A little over two years ago Neve Daniel lost one of its youth. Eliyashiv was out for a run on an ordinary night when he died, suddenly, at the age of 18. Josh and I were taking a walk that night, when a man we know came running up, out of breath and shaken. He had found someone on the road, and we were drawn in to an incredibly painful and difficult drama. I bloggedabout it at the time and wrote,
“Then a family name was spoken. I don’t know if there exists a stranger feeling than I experienced. I knew something that I had absolutely no right to know.
His family was eatingarguingdancingpaintingpaying billstalkingonthephonegigglingmenu planningcookingcleaning upreminiscingyellingshowering.
And I was with their son who had just died. They did not yet know that their entire life had already changed. The change had occurred.
It was over.
I looked out over the yishuv and pictured people in every house in the entire community who were eatingarguingdancingpaintingpaying billstalkingonthephonegigglingmenu planningcookingcleaning upreminiscingyellingshowering, people who didn’t yet know that we had lost one of our own. A part of our body.
And within that noise, within that mass of people going about their business and continuing with their regular lives at 10:14 pm was his family. They were in a space of time where the course of their lives had already altered without their knowledge. I prayed that they should be given the strength to get through this incredible tragedy.
That they should be able to continue on.
Last night, Eliyashiv’s family put on a concert in his memory. They did so last year, as well, but we weren’t there for some reason. This year, I made sure to mark the date and Josh and I joined hundreds of others in the Matnas in Alon Shvut for a celebration of Eliyahsiv’s life.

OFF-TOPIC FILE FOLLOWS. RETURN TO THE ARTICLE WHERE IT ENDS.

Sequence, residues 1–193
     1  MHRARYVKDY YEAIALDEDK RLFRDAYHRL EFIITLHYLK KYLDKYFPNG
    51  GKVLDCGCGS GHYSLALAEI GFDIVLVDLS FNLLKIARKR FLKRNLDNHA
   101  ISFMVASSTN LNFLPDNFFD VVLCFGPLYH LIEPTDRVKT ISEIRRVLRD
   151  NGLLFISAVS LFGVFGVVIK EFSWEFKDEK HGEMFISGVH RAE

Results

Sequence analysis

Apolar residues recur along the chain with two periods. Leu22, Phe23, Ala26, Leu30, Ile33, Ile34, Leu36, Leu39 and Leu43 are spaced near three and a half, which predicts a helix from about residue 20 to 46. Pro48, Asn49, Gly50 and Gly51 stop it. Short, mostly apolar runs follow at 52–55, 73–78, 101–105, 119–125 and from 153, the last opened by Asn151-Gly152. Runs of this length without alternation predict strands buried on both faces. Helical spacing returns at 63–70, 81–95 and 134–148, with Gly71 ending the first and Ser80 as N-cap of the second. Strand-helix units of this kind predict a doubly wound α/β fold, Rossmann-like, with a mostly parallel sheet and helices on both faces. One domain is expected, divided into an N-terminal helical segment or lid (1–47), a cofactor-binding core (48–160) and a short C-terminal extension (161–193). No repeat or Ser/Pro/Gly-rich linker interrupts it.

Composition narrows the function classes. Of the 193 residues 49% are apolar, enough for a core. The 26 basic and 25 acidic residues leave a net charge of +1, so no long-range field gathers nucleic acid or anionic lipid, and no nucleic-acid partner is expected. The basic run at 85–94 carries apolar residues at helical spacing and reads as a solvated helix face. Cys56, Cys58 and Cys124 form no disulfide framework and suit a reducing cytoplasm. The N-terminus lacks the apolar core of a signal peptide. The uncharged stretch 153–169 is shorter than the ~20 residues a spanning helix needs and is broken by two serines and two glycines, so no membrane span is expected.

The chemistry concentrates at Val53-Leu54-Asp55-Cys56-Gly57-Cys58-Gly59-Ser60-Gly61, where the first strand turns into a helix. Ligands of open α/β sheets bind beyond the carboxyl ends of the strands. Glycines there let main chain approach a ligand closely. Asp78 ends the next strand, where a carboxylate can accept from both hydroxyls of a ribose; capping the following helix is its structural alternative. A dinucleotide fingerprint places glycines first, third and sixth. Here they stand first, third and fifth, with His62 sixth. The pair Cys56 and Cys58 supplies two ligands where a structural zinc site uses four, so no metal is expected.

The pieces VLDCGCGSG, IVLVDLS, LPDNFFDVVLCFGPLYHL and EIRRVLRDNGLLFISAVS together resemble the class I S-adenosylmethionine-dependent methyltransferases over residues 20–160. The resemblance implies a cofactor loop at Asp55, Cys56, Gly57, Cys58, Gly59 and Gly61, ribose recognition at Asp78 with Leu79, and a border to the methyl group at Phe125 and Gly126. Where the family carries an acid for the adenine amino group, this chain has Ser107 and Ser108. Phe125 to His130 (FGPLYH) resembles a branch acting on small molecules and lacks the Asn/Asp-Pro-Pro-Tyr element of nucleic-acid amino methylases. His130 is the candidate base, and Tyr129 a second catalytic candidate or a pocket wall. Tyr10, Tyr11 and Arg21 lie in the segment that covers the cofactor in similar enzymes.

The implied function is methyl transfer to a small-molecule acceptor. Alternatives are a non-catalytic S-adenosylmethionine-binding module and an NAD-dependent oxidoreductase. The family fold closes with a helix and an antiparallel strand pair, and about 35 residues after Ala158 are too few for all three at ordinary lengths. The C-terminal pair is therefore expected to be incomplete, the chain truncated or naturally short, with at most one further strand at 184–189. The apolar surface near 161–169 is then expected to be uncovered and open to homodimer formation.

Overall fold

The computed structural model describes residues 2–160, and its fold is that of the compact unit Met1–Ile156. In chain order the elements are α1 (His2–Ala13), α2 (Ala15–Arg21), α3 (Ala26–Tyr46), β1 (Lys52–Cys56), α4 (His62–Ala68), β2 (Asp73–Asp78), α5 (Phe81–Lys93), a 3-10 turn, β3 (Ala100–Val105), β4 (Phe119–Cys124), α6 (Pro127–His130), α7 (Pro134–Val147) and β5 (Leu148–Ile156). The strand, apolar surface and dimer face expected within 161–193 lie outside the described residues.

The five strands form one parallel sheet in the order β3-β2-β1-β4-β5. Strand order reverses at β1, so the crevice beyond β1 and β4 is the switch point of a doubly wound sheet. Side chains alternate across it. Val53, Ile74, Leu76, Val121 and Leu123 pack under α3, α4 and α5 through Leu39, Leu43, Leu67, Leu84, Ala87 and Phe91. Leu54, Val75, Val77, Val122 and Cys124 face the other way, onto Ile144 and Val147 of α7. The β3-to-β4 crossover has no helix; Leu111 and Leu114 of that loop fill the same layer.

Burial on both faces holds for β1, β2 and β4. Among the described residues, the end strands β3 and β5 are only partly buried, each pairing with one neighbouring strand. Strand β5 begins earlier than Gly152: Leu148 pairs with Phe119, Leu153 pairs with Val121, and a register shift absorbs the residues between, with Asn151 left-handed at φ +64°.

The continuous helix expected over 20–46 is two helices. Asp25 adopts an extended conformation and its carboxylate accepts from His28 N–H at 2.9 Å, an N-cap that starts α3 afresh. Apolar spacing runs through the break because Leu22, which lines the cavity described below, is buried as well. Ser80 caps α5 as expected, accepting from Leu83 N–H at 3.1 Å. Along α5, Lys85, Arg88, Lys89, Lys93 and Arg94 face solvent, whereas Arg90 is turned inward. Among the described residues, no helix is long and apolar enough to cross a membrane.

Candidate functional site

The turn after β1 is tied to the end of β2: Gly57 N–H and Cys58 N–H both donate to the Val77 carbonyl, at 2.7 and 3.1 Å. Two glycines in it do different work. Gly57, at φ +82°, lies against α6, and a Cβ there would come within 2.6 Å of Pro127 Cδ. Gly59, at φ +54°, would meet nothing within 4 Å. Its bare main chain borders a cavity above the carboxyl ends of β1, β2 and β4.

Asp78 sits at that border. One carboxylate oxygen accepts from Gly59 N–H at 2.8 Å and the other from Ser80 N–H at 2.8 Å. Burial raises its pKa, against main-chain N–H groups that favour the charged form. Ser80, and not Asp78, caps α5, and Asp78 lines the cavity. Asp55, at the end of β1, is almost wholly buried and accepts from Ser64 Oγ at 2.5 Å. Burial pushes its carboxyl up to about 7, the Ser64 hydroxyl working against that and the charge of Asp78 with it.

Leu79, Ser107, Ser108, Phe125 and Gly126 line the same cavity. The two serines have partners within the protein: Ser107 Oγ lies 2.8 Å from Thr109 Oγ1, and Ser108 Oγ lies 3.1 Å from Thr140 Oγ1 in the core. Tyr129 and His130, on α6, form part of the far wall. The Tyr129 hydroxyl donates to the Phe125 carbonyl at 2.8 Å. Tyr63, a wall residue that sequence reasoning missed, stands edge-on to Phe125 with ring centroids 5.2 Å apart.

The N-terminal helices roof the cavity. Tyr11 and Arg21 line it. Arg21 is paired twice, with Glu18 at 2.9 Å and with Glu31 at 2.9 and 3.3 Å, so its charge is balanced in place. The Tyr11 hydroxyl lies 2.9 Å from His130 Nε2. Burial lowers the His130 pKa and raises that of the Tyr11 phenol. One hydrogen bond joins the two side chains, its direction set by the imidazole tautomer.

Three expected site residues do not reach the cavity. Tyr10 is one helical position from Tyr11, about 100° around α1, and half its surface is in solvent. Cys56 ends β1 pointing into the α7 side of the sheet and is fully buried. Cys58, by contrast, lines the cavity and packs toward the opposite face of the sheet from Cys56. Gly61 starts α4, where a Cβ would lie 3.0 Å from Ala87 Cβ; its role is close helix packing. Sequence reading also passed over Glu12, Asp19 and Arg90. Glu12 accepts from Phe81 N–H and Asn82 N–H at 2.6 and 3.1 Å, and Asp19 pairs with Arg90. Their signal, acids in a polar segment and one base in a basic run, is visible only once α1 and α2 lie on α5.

|This was the flyer created for the event last night.|
And what a night it was.
Eliyashiv was a talented musician. He had recently graduated from Kinor David, a religious high school created for musicians. They invited Israeli singer/songwriter/flutist/pianist, Shem Tov Levi, to perform. But he didn’t just perform. He explained the process by which he creates his music and the path that he’s been on as a musician. He was warm, funny, lively and incredibly talented. And the audience ate it up.
And then when he finished, the program continued with performances of six very talented high school groups and solos who wanted to express their creativity through music. This included a student from Makor Chaim, bands with students from Kinor David and more. And the students played and sang and expressed their creativity.
During the night, I was thinking something that Shem Tov Levi then expressed as well. When he was leaving, after applause and thank yous from the family and the audience, he told the family that he was touched by their choice. He said that the evening was a beautiful way to remember their son. Rather than remembering with tears, with sadness and with mourning, they have created this way to remember their son through the music that he so loved. They allowed us to remember their son with laughter, with sing-alongs, and with a celebration of his life.
What a gift.
And what a night.
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